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Shailen Patel 4NJDH

Year 9 Database Exercise

The aim of this exercise is to create a database of cars. This database may be searched to provide answers to questions about cars in general or about cars that someone might want to buy. Make a new folder for your work on this project inside your ICT folder called cars.

1. Identify the type of cars that you will include in your database
Think about what cars you find interesting or those that you think it would be useful to have in a database.

F1 cars

2. Identify the questions you want to answer

Write down up to ten questions that someone might ask about cars. Examples: Find the most expensive car. Find all cars that are ??? Find the most expensive car Find the car with the biggest engine Find the largest car When the car was built Find all black cars List all cars that go over 150 mph

Shailen Patel 4NJDH

Add five questions that involve more than one condition linked by AND, OR or NOT. Examples: List all cars that are made by BMW AND cost more than 50 000 List all cars that do over 200 mph OR have an engine over 3.5l List all cars made by Bentley OR Mercedes AND are over 75 000 List all cars made by ???? that are NOT ???.

Shailen Patel 4NJDH

3. Identify items of information

What items of information about cars would you need to have in order to answer all of your questions? Work carefully through the list of questions and write down the information needed for each question. (Dont write an item more than once.) Give a reason for including this item of information in the list.

Make Model Price Speed Engine size Safety Country produced in

Reason for inclusion

All uses want to know the make To distinguish cars between makes Essential for buyers wanting to buy a car Some cars are used for different purposes sport cars speed is essential Larger engines need more petrol - costly Important especially if you have small children Some countries make more reliable cars e.g. Germany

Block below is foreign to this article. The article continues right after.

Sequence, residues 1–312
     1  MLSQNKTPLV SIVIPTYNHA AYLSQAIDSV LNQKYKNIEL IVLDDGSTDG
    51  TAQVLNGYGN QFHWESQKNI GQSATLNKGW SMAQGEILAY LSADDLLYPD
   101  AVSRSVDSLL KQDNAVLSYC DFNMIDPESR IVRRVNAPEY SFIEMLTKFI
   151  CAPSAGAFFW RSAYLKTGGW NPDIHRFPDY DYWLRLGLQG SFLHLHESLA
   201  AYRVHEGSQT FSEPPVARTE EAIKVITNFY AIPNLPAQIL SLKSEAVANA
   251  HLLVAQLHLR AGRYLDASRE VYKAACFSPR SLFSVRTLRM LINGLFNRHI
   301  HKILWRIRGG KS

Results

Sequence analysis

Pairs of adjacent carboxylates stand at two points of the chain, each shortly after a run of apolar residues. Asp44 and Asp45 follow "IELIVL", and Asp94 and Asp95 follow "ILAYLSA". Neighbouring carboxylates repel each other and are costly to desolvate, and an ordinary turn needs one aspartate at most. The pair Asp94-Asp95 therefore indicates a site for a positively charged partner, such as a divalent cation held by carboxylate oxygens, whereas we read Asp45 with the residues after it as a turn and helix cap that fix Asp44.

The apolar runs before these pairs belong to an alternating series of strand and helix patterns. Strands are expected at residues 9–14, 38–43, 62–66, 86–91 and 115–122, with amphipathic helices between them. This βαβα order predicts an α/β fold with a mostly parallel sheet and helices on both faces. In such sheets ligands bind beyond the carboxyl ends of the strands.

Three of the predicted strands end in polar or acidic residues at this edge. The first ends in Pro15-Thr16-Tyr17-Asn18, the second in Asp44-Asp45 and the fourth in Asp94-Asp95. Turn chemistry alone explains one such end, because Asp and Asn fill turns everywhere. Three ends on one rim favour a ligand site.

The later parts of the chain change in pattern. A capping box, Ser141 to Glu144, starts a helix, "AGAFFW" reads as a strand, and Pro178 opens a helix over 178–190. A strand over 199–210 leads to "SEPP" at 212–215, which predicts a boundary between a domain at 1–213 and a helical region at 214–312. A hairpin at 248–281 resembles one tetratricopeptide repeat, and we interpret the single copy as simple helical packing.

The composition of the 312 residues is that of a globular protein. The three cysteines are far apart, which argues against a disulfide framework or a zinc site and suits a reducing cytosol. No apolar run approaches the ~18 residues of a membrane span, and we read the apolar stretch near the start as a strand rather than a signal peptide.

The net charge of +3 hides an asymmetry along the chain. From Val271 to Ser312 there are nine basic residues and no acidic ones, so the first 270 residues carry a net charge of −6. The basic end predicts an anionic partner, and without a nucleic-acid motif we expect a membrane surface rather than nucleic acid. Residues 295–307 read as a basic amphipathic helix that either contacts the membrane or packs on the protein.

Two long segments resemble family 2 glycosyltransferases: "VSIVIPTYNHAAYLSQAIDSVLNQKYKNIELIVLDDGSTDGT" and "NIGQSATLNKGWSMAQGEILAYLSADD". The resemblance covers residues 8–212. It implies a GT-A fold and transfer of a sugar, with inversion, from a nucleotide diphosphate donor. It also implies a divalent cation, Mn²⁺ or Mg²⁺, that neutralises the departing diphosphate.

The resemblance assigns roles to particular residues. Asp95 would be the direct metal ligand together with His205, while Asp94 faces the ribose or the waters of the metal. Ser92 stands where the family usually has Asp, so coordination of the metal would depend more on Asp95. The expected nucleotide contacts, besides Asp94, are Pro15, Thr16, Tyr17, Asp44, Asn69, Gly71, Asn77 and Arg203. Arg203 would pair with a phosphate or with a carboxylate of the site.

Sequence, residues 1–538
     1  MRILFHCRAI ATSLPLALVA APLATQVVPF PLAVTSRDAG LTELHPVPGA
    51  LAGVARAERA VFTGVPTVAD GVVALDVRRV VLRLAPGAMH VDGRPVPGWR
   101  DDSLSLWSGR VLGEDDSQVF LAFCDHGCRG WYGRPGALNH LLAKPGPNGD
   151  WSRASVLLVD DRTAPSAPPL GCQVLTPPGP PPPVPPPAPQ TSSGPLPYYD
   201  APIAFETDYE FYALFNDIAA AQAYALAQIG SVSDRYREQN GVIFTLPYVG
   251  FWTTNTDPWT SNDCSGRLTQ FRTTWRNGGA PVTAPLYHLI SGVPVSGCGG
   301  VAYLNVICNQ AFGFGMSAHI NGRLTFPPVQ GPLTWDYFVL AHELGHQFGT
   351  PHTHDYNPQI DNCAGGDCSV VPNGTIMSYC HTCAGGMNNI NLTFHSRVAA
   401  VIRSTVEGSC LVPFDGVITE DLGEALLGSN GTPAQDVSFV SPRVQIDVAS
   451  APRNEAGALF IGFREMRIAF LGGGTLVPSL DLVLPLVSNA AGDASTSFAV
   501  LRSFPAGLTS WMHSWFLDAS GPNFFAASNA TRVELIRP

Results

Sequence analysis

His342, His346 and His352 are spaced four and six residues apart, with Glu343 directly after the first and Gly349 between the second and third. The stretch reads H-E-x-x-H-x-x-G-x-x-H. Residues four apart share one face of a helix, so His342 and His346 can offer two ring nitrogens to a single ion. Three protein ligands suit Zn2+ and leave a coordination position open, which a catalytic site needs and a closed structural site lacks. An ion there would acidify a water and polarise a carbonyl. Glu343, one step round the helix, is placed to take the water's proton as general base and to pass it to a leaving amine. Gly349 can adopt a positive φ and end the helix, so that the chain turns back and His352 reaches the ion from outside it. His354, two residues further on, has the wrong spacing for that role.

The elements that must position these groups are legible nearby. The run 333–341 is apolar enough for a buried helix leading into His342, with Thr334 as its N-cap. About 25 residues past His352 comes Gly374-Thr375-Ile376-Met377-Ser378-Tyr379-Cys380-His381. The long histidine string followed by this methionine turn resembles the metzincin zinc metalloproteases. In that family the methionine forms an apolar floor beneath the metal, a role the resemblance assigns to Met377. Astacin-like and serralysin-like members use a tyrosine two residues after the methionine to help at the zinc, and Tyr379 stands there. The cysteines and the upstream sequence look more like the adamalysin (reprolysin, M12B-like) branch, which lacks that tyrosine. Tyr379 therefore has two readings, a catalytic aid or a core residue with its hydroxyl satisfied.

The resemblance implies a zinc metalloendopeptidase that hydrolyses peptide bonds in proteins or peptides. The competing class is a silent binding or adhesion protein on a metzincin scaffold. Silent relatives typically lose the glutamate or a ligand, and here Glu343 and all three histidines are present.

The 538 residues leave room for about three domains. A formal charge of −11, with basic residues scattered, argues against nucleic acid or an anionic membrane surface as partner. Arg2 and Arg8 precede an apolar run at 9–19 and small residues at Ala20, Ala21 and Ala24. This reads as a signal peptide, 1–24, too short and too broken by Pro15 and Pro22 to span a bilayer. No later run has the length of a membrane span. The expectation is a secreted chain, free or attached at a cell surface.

Note that in a database the single items of information are called fields.

Shailen Patel 4NJDH

4. Outputs from the Database

What media will be used to display the outputs? There are two main ones: a. screen b. Printer

Note that there are practical limits to the amount of information that you can show to someone. How many of the fields you defined above could you fit onto a sheet of A4 in portrait orientation? What form will outputs from your database take? There are four main ones: a. Table or list b. chart c. report d. picture Comment on the presentational requirements of output from a database (font face, font size, organisation of information). Easy to read large font, clear font In what ways can you sort the data in your outputs? Alphabetically or numerically

Why would you want output to be sorted? Easy to access How is output sorted when it is output? Name Price

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5. Identify Possible Sources of Information

What possible sources of information could you use to answer questions about cars? List at least four different types of source. a. Internet b. Magazines c. Books d. TV/ Adverts

6. Choose a unique identifier for each car in the database

Each car in your database will be a single record in the database. A record is a group of data items that are related. In a database each record must have some way of making it unique. What features do cars have such that each one can be uniquely identified? a. Number plate (second hand cars only) b. Chasis number or engine number c. It will be difficult to obtain this information for your database so we will use a simple number: 1, 2, 3 In Access this is called an autonumber and it is added automatically.

Why is it important to have a unique identifier for every record in a database?

Records need to appear only once Note that the unique identifier is called a primary key.

Shailen Patel 4NJDH

7. Define the Database with a Data Dictionary

Use the data capture form to define a data dictionary for the database. This will be a table with columns for: field name, data type, field length, validation. Complete the data dictionary below: Field Name ID Make Model Price Top Speed SatNav Year of manufacture Engine size Colour/Design Where is made Safety Field Type Auto number Text Text Currency Number Yes/No Number Text Text Number Field Length N/A 15 10 7 3 N/A Validation rule Primary key